For the purposes of this appeal, it may be conceded that there was evidence tending to show that within less than ten days after plaintiffs moved out of and vacated the house insured by the policy, they notified the local agent of defendant company at Monroe, N. C., that said house was then and would be vacant and unoccupied for an indefinite period, and that said agent advised plaintiffs that such vacancy and unoccu-pancy would not affect the validity of the policy. There was no evidence from which the jury could find that plaintiffs, at any time after the policy was issued and prior to the date of the fire which destroyed the house, requested the defendant or its agent to issue to them a vacancy permit, in writing, to be added or attached to the policy. No agreement in writing was added or attached to said policy prior to the date of the fire, by which defendant waived the stipulation therein, that said defendant should not be liable for loss or damage occurring while the house described in the policy was vacant or unoccupied, beyond a period of ten days. This is a valid stipulation, and was included in the policy in accordance with the requirements of the statute. In Bias v. Globe & R. F. Ins. Co., 85 W. Va., 134, 101 S. E., 247, 8 A. L. R., 373, it is said: “It is very uniformly held that a condition or stipulation in a policy of fire insurance, providing that the same shall be rendered void if the premises insured shall remain vacant and unoccupied for a specific *339length of time, is a reasonable and binding condition, and should such premises be destroyed by fire while vacant and unoccupied, and after the same had so remained, for a longer time than that provided in the policy, the insurer will be discharged from paying the indemnity therein provided.” The principle therein stated was applied by this Court in Alston v. Ins. Co., 80 N. C., 327, with respect to a stipulation in a policy of fire insurance, that the.policy should be void, if the insured premises should be used so as to increase the risk, or should become vacant and unoccupied, without the assent of the company endorsed thereon. The principle does not depend upon the doctrine of increased risk, where the stipulation with respect to the vacancy of the premises insured is in the language prescribed by statute for the Standard Fire Insurance Policy.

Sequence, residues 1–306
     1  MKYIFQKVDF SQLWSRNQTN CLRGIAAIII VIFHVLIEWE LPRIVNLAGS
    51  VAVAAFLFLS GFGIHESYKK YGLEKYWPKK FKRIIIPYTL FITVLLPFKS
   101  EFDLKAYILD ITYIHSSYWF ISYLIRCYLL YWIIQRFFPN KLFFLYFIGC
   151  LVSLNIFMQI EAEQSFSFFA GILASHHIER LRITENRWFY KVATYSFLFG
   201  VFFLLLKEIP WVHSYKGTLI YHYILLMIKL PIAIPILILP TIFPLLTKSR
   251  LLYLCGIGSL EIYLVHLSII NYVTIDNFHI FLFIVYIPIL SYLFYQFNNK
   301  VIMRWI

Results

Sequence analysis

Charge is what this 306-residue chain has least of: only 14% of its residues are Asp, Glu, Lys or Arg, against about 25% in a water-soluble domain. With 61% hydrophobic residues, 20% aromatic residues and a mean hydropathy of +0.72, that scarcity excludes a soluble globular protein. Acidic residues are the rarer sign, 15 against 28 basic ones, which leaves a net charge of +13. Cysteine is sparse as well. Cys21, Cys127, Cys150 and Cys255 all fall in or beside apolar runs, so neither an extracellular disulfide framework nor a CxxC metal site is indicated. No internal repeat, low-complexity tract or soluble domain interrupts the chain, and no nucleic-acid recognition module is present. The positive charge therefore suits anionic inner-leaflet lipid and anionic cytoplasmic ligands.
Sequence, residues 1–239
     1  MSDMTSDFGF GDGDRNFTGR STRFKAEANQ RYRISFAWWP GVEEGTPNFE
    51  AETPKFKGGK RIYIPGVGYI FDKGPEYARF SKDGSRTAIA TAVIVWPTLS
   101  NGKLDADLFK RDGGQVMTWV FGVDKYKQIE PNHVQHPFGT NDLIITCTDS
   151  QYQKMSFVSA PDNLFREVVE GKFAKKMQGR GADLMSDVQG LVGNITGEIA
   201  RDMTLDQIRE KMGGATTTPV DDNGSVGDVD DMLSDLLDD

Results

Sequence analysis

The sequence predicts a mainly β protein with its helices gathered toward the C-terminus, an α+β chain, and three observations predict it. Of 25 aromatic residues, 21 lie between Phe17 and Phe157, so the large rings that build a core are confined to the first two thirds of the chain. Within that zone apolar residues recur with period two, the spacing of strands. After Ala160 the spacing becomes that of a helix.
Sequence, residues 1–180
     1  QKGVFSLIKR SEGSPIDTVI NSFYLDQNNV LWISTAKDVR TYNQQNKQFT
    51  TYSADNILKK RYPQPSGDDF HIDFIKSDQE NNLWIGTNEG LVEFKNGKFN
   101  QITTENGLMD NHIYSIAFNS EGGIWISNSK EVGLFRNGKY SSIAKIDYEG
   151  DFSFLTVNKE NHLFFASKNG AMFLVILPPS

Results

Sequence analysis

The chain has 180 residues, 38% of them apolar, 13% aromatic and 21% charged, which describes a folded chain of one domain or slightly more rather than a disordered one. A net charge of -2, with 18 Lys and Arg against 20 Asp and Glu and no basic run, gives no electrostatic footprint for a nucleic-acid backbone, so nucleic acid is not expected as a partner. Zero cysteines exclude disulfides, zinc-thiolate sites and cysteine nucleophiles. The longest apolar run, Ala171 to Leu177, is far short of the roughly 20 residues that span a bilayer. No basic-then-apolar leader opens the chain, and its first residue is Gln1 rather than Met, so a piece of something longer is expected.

Upon the facts admitted in the pleadings in the instant case, defendant company cannot be held liable under its policy to plaintiffs for loss or damage resulting from the destruction by fire of the house described in said policy, unless defendant by its conduct has waived the stipulation with respect to the vacancy or unoccupancy of said house. It is admitted that said house became vacant and unoccupied after the issuance of the policy, and remained so from 23 January to 16 August, 1926, when it was destroyed by fire, and that no agreement in writing was added to said policy by which defendant agreed to continue liable on said policy, notwithstanding such vacancy or unoceupancy.